Recently, David Stokes of the Show-Me Institute made the surprising statement that, per passenger mile, cars are safer than trains and using his claim as an argument against building high-speed rail in the United States.
Later in the interview, Harnish gives a great little aside downplaying safety of cars and claiming, by insinuation, that trains are safer.. . . if you believe that our strength and unique identity is tied to the ability to risk your life everyday in a car . . .
OK, so we risk our lives everyday in a car. Would we not risk them in a train? Now, I am not saying passenger trains are unsafe — they are indeed safe. But if you compare them to cars, there are more fatalities on passenger rail than in motor vehicles per passenger mile. According to the latest data, passenger cars have 0.9 fatalities and 83 injuries per 100 million passenger miles. Passenger rail has 2.9 fatalities and 1,226 injuries per 100 million passenger miles. So they are both safe, but let’s not pretend passenger rail is safer.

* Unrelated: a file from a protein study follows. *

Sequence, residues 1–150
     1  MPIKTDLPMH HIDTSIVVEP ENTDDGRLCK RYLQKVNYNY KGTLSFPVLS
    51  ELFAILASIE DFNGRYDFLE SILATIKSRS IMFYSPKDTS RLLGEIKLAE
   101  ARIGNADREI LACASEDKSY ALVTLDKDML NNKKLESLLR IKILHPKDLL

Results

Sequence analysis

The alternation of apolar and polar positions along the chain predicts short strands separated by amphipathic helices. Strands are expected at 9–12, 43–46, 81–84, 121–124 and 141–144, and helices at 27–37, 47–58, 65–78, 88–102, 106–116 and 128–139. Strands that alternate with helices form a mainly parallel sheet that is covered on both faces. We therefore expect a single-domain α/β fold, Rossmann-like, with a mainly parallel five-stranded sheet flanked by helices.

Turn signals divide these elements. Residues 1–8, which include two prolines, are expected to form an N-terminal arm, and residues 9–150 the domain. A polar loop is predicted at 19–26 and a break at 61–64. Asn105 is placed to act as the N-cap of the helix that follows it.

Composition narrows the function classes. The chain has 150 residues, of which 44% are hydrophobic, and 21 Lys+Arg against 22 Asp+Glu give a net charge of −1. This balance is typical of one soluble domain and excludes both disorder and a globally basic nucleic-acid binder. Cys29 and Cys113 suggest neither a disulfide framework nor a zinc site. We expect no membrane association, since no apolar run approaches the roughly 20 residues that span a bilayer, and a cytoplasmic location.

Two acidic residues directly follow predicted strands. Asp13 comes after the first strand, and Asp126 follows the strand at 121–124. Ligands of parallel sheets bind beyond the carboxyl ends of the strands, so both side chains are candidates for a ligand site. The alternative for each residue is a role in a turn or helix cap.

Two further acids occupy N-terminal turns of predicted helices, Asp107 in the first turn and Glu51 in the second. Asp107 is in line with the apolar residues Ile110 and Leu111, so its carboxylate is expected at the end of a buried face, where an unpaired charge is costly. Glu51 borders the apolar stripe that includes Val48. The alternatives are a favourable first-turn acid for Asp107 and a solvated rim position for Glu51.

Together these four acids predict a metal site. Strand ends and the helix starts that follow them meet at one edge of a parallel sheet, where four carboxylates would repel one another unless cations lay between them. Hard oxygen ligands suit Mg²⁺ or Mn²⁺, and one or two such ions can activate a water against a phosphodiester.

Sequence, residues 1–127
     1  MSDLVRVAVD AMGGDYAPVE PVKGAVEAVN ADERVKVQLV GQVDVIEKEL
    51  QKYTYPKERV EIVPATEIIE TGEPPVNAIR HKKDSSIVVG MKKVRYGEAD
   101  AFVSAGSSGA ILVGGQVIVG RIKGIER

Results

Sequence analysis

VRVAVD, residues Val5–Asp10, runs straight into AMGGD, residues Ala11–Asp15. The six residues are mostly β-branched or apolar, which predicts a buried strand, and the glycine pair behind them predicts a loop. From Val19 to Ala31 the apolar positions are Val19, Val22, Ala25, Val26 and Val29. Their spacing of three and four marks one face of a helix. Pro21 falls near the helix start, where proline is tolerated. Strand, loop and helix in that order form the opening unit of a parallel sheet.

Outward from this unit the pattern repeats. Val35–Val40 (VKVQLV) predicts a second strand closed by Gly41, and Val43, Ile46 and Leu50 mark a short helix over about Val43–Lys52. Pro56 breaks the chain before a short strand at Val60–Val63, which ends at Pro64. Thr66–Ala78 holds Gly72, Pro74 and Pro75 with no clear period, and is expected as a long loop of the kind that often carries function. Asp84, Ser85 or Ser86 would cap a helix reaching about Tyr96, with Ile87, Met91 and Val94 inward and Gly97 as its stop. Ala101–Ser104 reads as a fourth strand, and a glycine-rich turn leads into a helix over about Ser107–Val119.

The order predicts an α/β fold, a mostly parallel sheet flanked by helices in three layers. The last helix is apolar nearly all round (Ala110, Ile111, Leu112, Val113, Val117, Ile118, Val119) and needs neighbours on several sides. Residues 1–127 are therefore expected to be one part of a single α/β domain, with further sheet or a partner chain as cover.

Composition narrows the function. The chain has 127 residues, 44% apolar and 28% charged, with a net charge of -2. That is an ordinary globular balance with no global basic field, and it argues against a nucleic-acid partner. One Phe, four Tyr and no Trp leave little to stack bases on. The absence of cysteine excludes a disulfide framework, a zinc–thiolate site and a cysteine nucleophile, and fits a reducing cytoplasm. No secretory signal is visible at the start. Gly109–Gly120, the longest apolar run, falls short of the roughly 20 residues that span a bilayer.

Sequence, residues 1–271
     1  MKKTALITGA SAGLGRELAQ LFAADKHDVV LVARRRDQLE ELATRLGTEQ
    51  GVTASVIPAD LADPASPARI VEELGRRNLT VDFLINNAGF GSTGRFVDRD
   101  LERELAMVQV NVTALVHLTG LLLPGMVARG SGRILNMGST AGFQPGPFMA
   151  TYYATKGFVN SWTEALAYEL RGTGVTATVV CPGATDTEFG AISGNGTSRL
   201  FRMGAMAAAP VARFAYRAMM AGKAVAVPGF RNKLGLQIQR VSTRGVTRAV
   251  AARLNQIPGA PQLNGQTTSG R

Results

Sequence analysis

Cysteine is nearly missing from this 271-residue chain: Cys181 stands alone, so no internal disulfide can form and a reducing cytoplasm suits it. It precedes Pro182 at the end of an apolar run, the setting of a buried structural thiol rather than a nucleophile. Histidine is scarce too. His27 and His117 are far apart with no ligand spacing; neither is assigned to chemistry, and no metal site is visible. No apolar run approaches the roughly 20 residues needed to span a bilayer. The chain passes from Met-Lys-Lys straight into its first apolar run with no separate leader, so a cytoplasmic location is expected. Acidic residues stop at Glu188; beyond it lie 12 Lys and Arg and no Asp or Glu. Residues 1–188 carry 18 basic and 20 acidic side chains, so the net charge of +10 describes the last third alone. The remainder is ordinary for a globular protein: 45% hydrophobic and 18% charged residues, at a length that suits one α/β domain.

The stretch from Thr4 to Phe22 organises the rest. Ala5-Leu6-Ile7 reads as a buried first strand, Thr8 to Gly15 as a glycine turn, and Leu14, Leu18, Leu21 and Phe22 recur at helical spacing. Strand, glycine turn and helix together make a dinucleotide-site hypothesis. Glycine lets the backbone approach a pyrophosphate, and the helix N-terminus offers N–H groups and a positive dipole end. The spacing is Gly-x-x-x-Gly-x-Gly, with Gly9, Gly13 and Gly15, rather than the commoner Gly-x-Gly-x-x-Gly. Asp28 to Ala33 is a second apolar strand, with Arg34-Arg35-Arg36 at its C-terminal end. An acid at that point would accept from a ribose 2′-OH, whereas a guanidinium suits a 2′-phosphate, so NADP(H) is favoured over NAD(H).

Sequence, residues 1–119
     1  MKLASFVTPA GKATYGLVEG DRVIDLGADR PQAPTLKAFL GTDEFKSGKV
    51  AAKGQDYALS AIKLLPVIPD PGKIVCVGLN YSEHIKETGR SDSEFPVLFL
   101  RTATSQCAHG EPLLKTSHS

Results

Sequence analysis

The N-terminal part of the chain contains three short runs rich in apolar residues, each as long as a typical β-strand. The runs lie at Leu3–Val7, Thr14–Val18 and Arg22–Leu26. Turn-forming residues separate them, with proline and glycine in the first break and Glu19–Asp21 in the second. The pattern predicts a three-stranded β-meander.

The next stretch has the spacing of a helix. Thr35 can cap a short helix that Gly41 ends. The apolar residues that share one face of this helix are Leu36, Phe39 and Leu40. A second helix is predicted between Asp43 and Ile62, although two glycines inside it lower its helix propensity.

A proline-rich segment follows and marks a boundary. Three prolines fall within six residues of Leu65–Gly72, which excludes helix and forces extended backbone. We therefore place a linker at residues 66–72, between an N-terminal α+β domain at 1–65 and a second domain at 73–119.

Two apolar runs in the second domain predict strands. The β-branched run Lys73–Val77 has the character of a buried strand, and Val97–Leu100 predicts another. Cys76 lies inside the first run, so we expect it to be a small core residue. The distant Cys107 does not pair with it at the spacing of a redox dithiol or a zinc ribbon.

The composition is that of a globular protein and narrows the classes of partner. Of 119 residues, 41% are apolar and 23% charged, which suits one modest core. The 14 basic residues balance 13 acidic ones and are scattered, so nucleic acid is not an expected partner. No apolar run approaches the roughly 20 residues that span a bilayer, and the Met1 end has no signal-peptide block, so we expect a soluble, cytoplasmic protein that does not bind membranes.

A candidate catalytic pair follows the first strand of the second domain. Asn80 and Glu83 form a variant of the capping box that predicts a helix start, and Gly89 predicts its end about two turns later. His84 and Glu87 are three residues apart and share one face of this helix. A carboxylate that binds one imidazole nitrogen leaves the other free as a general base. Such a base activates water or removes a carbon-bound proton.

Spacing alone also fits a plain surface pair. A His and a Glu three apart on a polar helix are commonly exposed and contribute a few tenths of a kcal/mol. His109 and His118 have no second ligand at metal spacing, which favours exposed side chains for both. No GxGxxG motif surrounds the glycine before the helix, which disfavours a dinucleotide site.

It’s great that David is using and citing real data when making his claims on the safety of motor vehicles. The problem is that he’s wrong. Very wrong.
David’s mistake is from misinterpreting the units used in the data source, confusing passenger train miles and vehicle miles with passenger miles.
What’s the difference? Imagine you have a 5 car Amtrak train with 25 passengers per car traveling 240 miles between St. Louis and Kansas City. That trip would entail 240 passenger train miles, 1,200 vehicle miles, and 30,000 passenger miles.
According to the data used by the Show-Me Institute, there were 2.9 fatalities per 100 million passenger train miles and 1.1 fatalities per 100 million vehicle (car) miles. However, using a different data set that includes passenger miles by mode, from 2005 to 2009, there were 1.8 fatalities per billion passenger miles on intercity trains while there were 8.3 fatalities per billion passenger miles on highways. Injury data is similar.
Whoa! Big difference! Big mistake!
And the opinion at the beginning of the Show-Me Institute’s article that statements made by Rick Harnish [of the Midwest High-Speed Rail Association] are misleading, I believe, is misleading itself.